Stable Internet Connection


It should go without saying that in order to live stream to the internet you need to ensure you have a stable and strong internet connection. Ethernet (wired) connections create the most steady connection and hence are favourable to set-up if possible. It also pays to check your internet speed using online tools such as https://www.speedtest.net/ - by knowing your upload bandwidth you will be able to determine at what bit rates you can stream at.


Setting up your Live-Streaming system


Step 1. - Connect your video source to your encoder. Ensuring that everything is turned on and receiving power where necessary. 

Step 2. - Configure your encoder. Adjust your encoder settings to match the output you desire. Resolution, frame rate and bitrate are common settings that may need to be changed. If you are using a software encoder these settings should be in the encoding software you are using. For hardware encoders, you may need to connect to your encoder on a device through your network or through a USB connection to access its settings. 

Step 3. - Configure your CDN. Sign in to your chosen CDN and configure your live stream settings - For example - stream description, privacy settings, etc.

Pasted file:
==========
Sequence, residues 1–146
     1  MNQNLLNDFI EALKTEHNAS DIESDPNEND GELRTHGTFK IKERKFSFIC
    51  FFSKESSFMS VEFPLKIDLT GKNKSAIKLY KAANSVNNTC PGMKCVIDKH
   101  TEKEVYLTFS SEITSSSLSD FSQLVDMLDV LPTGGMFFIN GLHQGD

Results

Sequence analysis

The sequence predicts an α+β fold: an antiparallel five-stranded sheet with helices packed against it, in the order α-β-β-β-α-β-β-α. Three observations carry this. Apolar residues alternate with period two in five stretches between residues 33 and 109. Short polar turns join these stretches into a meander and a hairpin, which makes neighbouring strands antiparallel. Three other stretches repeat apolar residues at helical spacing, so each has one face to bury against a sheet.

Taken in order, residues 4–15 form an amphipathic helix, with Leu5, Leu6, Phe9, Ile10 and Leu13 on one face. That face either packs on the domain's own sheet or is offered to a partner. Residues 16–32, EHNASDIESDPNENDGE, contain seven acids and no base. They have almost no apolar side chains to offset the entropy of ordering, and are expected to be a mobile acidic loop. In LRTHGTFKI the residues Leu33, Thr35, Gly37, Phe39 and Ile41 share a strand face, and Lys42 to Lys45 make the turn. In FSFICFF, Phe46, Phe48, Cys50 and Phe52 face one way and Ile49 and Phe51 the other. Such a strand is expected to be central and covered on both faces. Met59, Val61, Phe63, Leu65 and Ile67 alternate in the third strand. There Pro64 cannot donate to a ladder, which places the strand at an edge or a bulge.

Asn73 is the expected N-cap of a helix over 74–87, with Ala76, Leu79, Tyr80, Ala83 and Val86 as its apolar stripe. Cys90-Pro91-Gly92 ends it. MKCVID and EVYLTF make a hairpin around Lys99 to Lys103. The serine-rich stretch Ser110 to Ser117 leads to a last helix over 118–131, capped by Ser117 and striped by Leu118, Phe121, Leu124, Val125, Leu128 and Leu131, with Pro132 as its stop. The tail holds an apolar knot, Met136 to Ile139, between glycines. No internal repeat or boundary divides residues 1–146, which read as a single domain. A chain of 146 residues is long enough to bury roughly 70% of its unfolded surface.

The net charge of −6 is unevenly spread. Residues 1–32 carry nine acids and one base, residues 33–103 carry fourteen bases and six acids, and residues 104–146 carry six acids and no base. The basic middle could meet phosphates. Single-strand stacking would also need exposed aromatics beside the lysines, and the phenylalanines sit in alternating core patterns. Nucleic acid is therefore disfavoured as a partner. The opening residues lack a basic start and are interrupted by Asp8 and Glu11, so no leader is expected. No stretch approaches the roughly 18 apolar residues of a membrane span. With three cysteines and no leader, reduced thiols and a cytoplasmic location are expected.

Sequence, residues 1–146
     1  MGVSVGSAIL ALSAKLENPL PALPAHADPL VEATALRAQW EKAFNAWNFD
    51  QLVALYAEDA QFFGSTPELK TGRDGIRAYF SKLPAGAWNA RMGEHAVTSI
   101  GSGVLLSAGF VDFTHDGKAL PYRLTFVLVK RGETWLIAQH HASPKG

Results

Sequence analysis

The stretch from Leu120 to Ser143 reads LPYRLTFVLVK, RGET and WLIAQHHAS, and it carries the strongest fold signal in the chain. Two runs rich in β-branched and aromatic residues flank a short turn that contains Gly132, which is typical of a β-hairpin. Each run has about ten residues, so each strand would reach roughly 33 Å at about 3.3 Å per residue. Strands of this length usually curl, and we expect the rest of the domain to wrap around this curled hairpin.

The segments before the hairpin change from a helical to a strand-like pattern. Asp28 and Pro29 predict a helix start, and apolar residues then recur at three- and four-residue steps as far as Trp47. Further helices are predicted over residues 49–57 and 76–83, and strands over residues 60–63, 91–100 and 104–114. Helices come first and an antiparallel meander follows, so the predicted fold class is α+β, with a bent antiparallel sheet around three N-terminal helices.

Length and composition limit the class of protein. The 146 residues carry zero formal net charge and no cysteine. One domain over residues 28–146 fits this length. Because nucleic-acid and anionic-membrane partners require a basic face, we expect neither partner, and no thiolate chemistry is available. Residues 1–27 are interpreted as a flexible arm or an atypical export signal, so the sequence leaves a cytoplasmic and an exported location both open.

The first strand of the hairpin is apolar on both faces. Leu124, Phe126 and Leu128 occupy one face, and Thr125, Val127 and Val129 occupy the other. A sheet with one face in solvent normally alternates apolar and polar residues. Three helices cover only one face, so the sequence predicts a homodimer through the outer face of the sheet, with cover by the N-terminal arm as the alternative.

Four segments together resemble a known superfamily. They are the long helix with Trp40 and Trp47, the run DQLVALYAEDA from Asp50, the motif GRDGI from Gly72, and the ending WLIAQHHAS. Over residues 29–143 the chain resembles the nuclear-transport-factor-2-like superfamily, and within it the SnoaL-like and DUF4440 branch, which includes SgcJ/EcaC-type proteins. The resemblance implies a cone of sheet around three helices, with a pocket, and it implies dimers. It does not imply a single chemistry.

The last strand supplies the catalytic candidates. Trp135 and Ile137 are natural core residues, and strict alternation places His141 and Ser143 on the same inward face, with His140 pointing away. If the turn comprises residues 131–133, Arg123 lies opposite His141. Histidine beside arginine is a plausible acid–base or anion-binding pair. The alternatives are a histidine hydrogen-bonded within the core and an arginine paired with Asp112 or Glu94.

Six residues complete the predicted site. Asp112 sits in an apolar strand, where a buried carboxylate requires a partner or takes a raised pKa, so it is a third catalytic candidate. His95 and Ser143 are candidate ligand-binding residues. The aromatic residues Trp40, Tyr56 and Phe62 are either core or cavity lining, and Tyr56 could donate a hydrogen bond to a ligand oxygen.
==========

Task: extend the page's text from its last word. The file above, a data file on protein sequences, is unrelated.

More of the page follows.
Step 4. - Connect CDN with Encoder.

To get streaming your encoder and CDN must be connected. This is because the CDN needs to know where to receive your content from. The CDN and encoder are linked together using a Stream name or Stream key. The Stream Key is provided by your CDN (usually found in advanced settings) simply paste it into your encoder's encoder user interface.

Step 5. - Press the stream button on your encoder to begin live streaming your content to the internet.




Hopefully, with the above guide, you will have a clearer idea of how live streaming works and what is needed to get your content live on the internet. Here at Protel, we sell everything you need to build your very own live streaming setup. We source from only the best in live streaming so you can trust you will have a reliable and robust live streaming setup. Our products can be found in our store but if you would like further assistance with building a live streaming setup please do not hesitate to contact us.